Like every class before them, the Class of 2008 will arrive on
The University of Texas at Austin campus this fall bursting with
anticipation. These new students will worry about making friends,
negotiating with roommates and exploring eating options along
the campus’s bustling Drag. Amid the flurry of their first week
on campus, they may forget that
the university is foremost a place where inquiry
is encouraged and ideas abound.
The Freshman Reading Round-Up
will remind them.
have the opportunity to choose one of nearly 30 books to read this
summer. They may encounter anyone from Virgil
to Herman Wouk, meander through a biography of Abraham Lincoln
or return to the world of King Arthur’s court. Then on Aug.
24, they’ll meet with one of the university’s finest
faculty members to discuss the book in an informal environment.
The Reading Round-Up recognizes that there are few things as satisfying
as a great read. A hearty discussion. An unexpected discovery.
And it proves that the university offers all three.
“The Round-Up shows students that this really is a place
interested in ideas and in engaging in open discussion with other
smart people,” says Dr. James Vick, vice president for student
affairs. “We want students to experience that firsthand.”
are no exams, no homework and no grades in the Reading Round-Up.
There are no prerequisites, no required presentations and no lists
of literary terms. In fact, you might call it a book club—think
Oprah, think Barnes & Noble—if not for one hitch. The
discussions are led by stellar faculty members who’ve been
honored for their work with students.
Every professor participating
in the Reading Round-Up is a member of the university’s Academy
of Distinguished Teachers. Members of the academy are selected
through a rigorous evaluation process,
and they represent the best teachers the university has to offer.
Instead of waiting to take classes with these professors later
on or meeting them in a large class, students can sit down with
them in small groups before they’ve even taken their first
“It’s really an opportunity to meet one of UT’s most
recognized professors before they would have a chance to do so
otherwise,” says Lara Harlan, who coordinates the Round-Up. “I
think it’s really valuable to make a contact and realize
that these people are interested in them.
“Last year we got reports that several of the professors
continued having meetings with their group later on in the semester
and got Cokes with them at the Posse near campus.”
setting of the Reading Round-Up allows for that type of interaction
between students and professors. It also allows
students to bring their personal experience to the book at hand.
year Dr. Shelley Payne, professor in molecular genetics and microbiology,
selected “Ship Fever,” Andrea Barrett’s
National Book Award-winning collection of short stories. The title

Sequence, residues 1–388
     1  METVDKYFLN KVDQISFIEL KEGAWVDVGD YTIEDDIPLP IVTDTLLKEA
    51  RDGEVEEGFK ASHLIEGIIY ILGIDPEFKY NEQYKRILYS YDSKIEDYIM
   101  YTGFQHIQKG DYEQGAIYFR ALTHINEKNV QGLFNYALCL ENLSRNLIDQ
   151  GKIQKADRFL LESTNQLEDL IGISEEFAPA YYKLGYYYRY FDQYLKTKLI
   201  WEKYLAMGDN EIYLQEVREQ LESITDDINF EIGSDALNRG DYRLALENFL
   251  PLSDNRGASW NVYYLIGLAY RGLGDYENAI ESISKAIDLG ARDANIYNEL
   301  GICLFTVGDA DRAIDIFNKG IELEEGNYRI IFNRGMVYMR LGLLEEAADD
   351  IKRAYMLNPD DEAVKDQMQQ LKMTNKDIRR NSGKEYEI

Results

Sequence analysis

story is about Irish immigrants traveling to North America after
the Great Potato Famine. She found that the book drew several students
who were immigrants themselves and could compare their own experiences
to those of the characters in the story.
“It’s interesting for me to see where the students
will take the discussion,” says Payne. “One of the
students talked to her mother and learned that her great-grandmother
had been one
of the Irish immigrants and had experienced many of the same hardships
characterized in the book. Reading the story and talking about
it gave her an entirely different view of her great-grandmother.”
selection of books is wide enough and the setting intimate enough
that students can really choose something that resonates for them
and openly talk about why it does.
This year Payne chose “The
Year of Wonders,” a work
of historical fiction by Geraldine Brooks. In this case, the book
has resonance for Payne. The story of a community that chooses
to quarantine itself after an epidemic outbreak in the 1600s, it
relates to Payne’s research into bacterial pathogens, including
those that cause cholera and dysentery. However, that alone is
not what makes her recommend the book.
“‘Year of Wonders’ is also great storytelling,” says
Payne. “The students will enjoy the writing, the characters
and the plot.”
Many universities choose a single book for
the entering freshman class to read and discuss, but the Reading
Round-Up offers students
a range of books from which to choose. The book selections place
a premium on enjoyment and on stimulating discussion. Students
might choose the old handbook to financial success “The Richest
Man in Babylon” or Bill Bryson’s brand new “A
Short History of Nearly Everything.”
Or they can return to
the ancient theater. William Powers, dean of the School of Law,
is offering a session on “Oedipus Rex” by
Sophocles. He says the story from several thousand years ago remains
simply a good story.
“It raises the important issue of how we make the world intelligible:
are we controlled by fate, god, free will?” he says. “Put
another way, it raises issues about fate and humanism, which are
as relevant now as they were in 5th century Periclesian Athens.”
the end, raising issues and exploring them is the bedrock of a
university education and one of the most important things an
education can offer a student. The Reading Round-Up is only one
morning and only one of many programs—from Gone to Texas
to the faculty/staff mentor program—available to help
students make the transition from high school to the university.
offers a relaxed yet stimulating first step into the world of ideas
that awaits them.
“I think this kind of experience helps the student learn to take advantage
of the wealth of intellectual experiences that the university has to offer,” says
Payne, “outside the classroom as well as within.”
Photo illustrations: Leslie
Ernst and Marsha